• Part 3: Designing your policy brief Executive statement: Many in Congress and the administration have called for new • Distill the essence of the brief investments in education in order to make the United States more • Provide an overview to busy competitive, with President Bush readers stressing the importance of education in preparing young • Interest the reader to read further Americans to “fill the jobs of the • Appear on the cover, or top of the 21st century.” Yet advocates of early childhood education have first page only recently stressed the • Be written last so that author is economic benefits of preschool programs, and it has been difficult to win support for clear about the over-arching these short-term investments given the message conveyed long-term nature of the benefits to the Economy. The Brookings Institution, Policy Brief N. 153: http://www.brookings.edu/comm/policybriefs/pb153.pdf Why? Planning Design Conclusions
    • Part 3: Designing your policy brief Introduction: The increased fear of a pandemic at • Answers the question why is the current time is due to the fact that the H5N1 strain causing the outbreak is capable of this important or urgent? mutating rapidly and acquiring genes from • Describes the research viruses infecting other animal species, including humans. If the new virus contained sufficient objective human influenza virus genes, direct transmission from one person to another • Acts as an overview of the (human-to-human) could occur, heralding a findings and conclusions possible influenza pandemic. The current H5N1 strain causes high mortality among humans, • Creates curiosity about the with mortality rates exceeding 50 per cent in most countries. rest of the brief AN EFFECTIVE REGIONAL RESPONSE TO THE THREAT OF A PANDEMIC UN ESCAP Issue N.1 2005 Why? Planning Design Conclusions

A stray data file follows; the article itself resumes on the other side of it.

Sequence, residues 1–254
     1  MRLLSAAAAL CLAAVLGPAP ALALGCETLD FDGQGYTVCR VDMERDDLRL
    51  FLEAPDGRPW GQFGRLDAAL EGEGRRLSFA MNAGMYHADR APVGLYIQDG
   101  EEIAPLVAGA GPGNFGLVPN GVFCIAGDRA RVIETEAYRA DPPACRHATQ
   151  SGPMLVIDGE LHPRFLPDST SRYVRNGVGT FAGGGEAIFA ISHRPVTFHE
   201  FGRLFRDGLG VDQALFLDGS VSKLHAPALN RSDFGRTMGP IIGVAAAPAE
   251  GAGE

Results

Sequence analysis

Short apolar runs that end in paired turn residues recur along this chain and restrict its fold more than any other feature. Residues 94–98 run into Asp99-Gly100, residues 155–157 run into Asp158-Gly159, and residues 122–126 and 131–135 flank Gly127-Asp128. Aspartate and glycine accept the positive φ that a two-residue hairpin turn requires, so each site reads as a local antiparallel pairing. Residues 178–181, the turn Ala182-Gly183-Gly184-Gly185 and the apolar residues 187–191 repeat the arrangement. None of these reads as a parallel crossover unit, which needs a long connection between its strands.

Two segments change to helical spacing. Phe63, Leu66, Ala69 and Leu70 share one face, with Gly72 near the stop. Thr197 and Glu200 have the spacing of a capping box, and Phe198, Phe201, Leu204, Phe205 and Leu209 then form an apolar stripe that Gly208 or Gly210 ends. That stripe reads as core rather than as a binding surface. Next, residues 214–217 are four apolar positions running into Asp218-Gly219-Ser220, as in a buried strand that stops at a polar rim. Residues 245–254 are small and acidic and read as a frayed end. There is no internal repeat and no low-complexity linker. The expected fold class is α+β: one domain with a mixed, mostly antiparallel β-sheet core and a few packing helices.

• Part 3: Designing your policy brief Methodology: • Describes relevant background • Describes issue and context of the investigation • Describes research and analysis activities o What methods were used to conduct the study? o Who undertook the data collection and analysis? o Important to provide transparency of research process but should not be overly technical • Opportunity to highlight strengths/ value-added of study Why? Planning Design Conclusions
    • Part 3: Designing your policy brief Do The Electric Fences Work? Results: What did we learn? • Provide a summary of the facts Overall, it was found that although the electric fencing does help…it is • Make content easy to follow, not capable of completely understand eliminating conflict. In each …area…technical as well as • Start by painting a general socioeconomic factors picture affect…success. Technical failures • Move from general to specific mainly affected the early fences…Other problems resulted • Base conclusions on results from failure to take into account • Express ideas using strong elephant behavior and distribution patterns. assertions Elephants and Electric Fences: A Study From Sri • Make sure ideas are balanced, Lanka. EEPSEA 2005-PB11 defensible Why? Planning Design Conclusions